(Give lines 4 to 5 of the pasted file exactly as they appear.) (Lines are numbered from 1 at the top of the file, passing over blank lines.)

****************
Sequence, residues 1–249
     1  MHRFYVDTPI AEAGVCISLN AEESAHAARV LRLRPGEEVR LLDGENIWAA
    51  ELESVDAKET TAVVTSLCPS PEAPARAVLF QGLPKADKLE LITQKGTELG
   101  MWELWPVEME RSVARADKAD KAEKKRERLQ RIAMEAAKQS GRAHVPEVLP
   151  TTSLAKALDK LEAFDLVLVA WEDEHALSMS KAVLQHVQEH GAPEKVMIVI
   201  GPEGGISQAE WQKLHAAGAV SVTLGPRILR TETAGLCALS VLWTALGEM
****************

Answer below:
   101  MWELWPVEME RSVARADKAD KAEKKRERLQ RIAMEAAKQS GRAHVPEVLP
   151  TTSLAKALDK LEAFDLVLVA WEDEHALSMS KAVLQHVQEH GAPEKVMIVI